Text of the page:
Wednesday, February 11, 2009

Edged Tirade...

OK, I’ll readily admit it- I am a knife nut. I own or have owned a ridiculous number of knives and I’ve fiddled with edged objects for all of my adult life and most of my adolescent one. I carry a knife everyday. About the only place I don’t carry a knife is a commercial airline flight and that’s not exactly my choice.

In 30+ years of packing, using, abusing and being abused by knives I’ve developed a standard sort of speech about knives, a treatise if you will. It will come as no small surprise that I’ve developed some strong opinions about knives over the years that I’ll share them with you now.

As a word of caution- some of my opinions are rather strong and they may not necessarily align with yours. That’s OK. Really it is. This is a topic on which we are allowed to disagree. I will tell you that the opinions I’ve formed were done so during field use; not a manufacturers catalog so that will flavor my opinion to a degree

Blade steel- since man first alloyed iron to make steel I’m sure folks have argued about what type of steel makes the best knife. On the market today we have a bunch of steels that vary considerably in their usefulness for knife making but I think the most critical one is this- avoid stainless steel.

I know it’s pretty.
I know it resists rust.
I know it can be made into lots of knives and lots of manufacturers only use stainless.
I know all that and I don’t really care anymore.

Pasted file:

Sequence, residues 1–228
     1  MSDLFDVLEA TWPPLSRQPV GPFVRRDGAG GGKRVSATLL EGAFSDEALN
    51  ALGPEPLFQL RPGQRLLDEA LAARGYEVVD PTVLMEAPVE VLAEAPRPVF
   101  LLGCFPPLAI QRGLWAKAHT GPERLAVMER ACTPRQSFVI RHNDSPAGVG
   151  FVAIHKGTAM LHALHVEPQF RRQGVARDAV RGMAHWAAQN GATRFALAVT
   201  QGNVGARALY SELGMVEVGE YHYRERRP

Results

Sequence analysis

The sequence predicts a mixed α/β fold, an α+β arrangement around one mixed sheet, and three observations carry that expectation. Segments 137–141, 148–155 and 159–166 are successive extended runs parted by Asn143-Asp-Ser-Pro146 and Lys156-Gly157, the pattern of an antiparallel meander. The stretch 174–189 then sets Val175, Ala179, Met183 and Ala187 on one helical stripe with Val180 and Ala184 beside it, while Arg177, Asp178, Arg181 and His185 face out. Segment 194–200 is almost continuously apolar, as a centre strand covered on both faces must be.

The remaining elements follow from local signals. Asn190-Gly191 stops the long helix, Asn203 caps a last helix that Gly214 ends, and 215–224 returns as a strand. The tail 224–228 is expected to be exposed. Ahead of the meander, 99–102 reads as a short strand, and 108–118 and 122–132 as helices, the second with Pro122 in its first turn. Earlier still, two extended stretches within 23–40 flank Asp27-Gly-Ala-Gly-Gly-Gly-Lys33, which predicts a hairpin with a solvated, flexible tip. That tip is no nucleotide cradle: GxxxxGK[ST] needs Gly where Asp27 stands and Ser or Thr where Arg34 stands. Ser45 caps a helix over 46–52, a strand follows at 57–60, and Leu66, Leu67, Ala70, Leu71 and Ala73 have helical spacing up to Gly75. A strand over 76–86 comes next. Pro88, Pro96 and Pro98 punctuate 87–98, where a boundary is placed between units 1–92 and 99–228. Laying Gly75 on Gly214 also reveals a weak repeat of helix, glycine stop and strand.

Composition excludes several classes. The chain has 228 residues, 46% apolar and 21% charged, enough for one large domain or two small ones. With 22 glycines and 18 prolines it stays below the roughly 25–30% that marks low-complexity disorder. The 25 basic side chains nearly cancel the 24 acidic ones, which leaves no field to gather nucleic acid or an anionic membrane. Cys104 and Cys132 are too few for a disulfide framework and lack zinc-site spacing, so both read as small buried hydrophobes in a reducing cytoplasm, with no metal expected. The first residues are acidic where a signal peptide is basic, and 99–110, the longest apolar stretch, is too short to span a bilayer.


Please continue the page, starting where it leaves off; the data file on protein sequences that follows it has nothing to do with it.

Stainless is wonderful stuff and you can make a knife that will resist saltwater, moon dust, electrostatic discharge, radiation and all that and more. The reality is this- a good carbon steel blade is simply more usable in the field because of re-sharpening. I own a drawer full of stainless knives made out of every type of exotic blade steel known to humanity. All of them are markedly inferior to carbon steel blades for re-sharpening. A stainless blade typically is hardened to a much higher degree than carbon and is much harder to put an edge on. It will generally retain an edge for a good long while but once it goes good luck.

I have a very fine knife made out of wonder steel that cost a ridiculous sum and it lives its life in a drawer because under field conditions it simply can’t be made sharp again. I’ve used diamond impregnated stones, EZ lap, the works and nothing will touch it. The factory can put a wicked edge on it using a buffer wheel but that does me little good if I’m elbow deep in a carcass or cutting fuzz sticks to start a fire. Simply put its a knife that has a big cool factor and a pride of ownership benefit but once you hit the woods its a "one trick pony!"

Conversely I have a carbon steel blade knife that appears to be made from a butcher knife and ground down. Likely made by my grandfather and probably prior to World War 2 although it would be impossible to tell. During the butchering process of a deer it will likely need sharpened a couple of times, but it can be accomplished by any whetstone or other sharpening implement at hand. I'm guessing about any appropriate rock you'd find would work in a pinch. It takes only moments and the edge is really wonderful. I carry it a lot in the woods.
From left to right:
Benchmade with S30V, Spyderco with VG-10, Spyderco with ATS-34, Grohmann with High Carbon Stainless, Anza with carbon steel from file, Anza with carbon steel from file, Homemade with Mora carbon steel blade. These roughly go from left to right in degree of difficulty in sharpening and to a lesser degree- price!.